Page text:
India’s Rayhan Thomas Aims to Improve on Runner-Up Finish

Rayhan Thomas of India plays at the 2018 Asia-Pacific Amateur Championship at Sentosa Golf Club, Singapore on Thursday, October, 4, 2018.

SHANGHAI – Rayhan Thomas came close to becoming the first Indian to win the Asia-Pacific Amateur Championship (AAC) last year and is determined to go one step better than his tie for second place when the 11th edition of the region’s premier amateur championship unfolds next week.

An ‘elite’ World Amateur Golf Ranking event, the AAC will be played at Sheshan International Golf Club in Shanghai, China from 26-29 September.

The 19-year-old Dubai-based Thomas finished two strokes behind champion Takumi Kanaya of Japan at Sentosa Golf Club in 2018. It was a fantastic finish, having started the championship with a disappointing 74. However, he knuckled down for rounds of 64, 65 and 66 over the next three days and finished tied second at 11 under par with Japan’s Keita Nakajima.

Thomas rose to No. 11 in the WAGR earlier this year, the highest ranking ever achieved by an Indian player. Having moved his focus from golf to his studies this year in preparation for attending Oklahoma State University (OSU) in August, Thomas remains within the top 100 and currently sits at No.90 heading into the AAC.

“Finishing second in Singapore last year was a bit disappointing because, obviously, winning is the goal. However, I felt I had shot myself out of the tournament after the opening round and then to claw my way back and get into contention was pretty sweet. I will always look at last year’s AAC as one of the major highlights of my career so far,” said Thomas, who matched the world record of nine consecutive birdies in an Official World Golf Ranking (OWGR) event in 2017 at the Dubai Creek Open on the MENA Tour.

“I haven’t played too much this year because I had to finish a lot of things with my school. I felt I left myself with plenty to catch up on after playing throughout last year…education was higher on the priority list this year.

“I have struggled a bit with my driver since the start of the year, and I am in the process of fixing that. I seem to have made some good progress and I am happy where my swing is right now. I am definitely looking forward to the AAC in Shanghai and yes…I want to finish one position better than what I did last time.”

Becoming part of the OSU Cowboys was a dream-come-true for Thomas, who committed to the program nearly two years ago. A lengthy chat with American PGA TOUR star Rickie Fowler while playing a practice round together during the 2017 Abu Dhabi HSBC Championship convinced him to join the team that has seen great success in U.S. college golf in the past few years.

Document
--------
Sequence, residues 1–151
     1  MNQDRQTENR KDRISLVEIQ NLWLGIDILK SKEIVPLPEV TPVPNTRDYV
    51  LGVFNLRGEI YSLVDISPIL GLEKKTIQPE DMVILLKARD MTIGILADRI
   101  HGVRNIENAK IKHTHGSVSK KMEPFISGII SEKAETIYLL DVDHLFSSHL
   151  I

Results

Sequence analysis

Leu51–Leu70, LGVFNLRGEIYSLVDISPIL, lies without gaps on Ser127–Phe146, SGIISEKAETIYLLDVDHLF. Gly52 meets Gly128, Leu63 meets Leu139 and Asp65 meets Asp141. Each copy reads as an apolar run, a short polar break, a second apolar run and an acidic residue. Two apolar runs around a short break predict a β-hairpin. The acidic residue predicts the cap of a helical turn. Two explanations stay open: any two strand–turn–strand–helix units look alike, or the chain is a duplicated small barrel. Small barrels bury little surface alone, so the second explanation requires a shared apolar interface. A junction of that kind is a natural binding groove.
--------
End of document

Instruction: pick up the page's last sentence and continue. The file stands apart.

Walking in the footsteps of players like Fowler, Viktor Hovland and Matthew Wolff has put an extra bounce in Thomas’ steps.

“I’ve only been on campus for a month and I am enjoying every minute of it. The facilities at Karsten Creek are just fantastic, and we have an incredible group of people around us – starting from my teammates, to our coaches and trainers. They just create an environment that helps you succeed. It’s been everything I hoped it would be,” said Thomas.

“We recently had a get-together of our alums for the OSU Cowboys Pro-Am, and it was fun catching up with guys like Rickie, Viktor and Matt. What they have managed to achieve in their careers, especially guys like Viktor and Matt in just their first few weeks as professional golfers, is hugely motivating for all of us in the team.

“I definitely hope I can feed off their success. If I can get it done in Shanghai, there would be nothing like it. The Asia-Pacific Amateur Championship is like a major for us amateurs. The rewards of playing at the Masters and The Open is the ultimate and makes it the most aspirational tournament for players of our region.”

The AAC champion will earn an invitation to the 2020 Masters Tournament at Augusta National Golf Club and a place in The 149th Open at Royal St George’s. The runner(s)-up will secure a position in The Open Qualifying Series.

The AAC was created in 2009 by the Asia Pacific Golf Confederation (APGC), the Masters Tournament and The R&A. A field of 120 players from 39 Asia Pacific nations is expected to compete in the championship, which returns to China for the third time. The country hosted the inaugural AAC in 2009 at Mission Hills Golf Club in Shenzhen, followed by the 2013 edition at Nanshan International Golf Club in Longkou City, Shandong.

Leading this year’s field, which is comprised of the finest men’s amateurs in the region, is the defending champion and current WAGR No. 2, Takumi Kanaya of Japan. Other top-ranked competitors include No. 4 David Micheluzzi, No. 11 Blake Windred (both of Australia) and No. 9 Chun An Yu of Chinese Taipei.

The home challenge will be spearheaded by the 19-year-old Lin Yuxin of Beijing, who is hoping to become only the second player after Japan’s Hideki Matsuyama to win multiple AAC titles. Lin won the 2017 AAC at Royal Wellington Golf Club in New Zealand.

Spectators are encouraged to watch the drama unfold 26-29 September at Sheshan International Golf Club. Entry to the 2019 Asia-Pacific Amateur Championship is free of charge.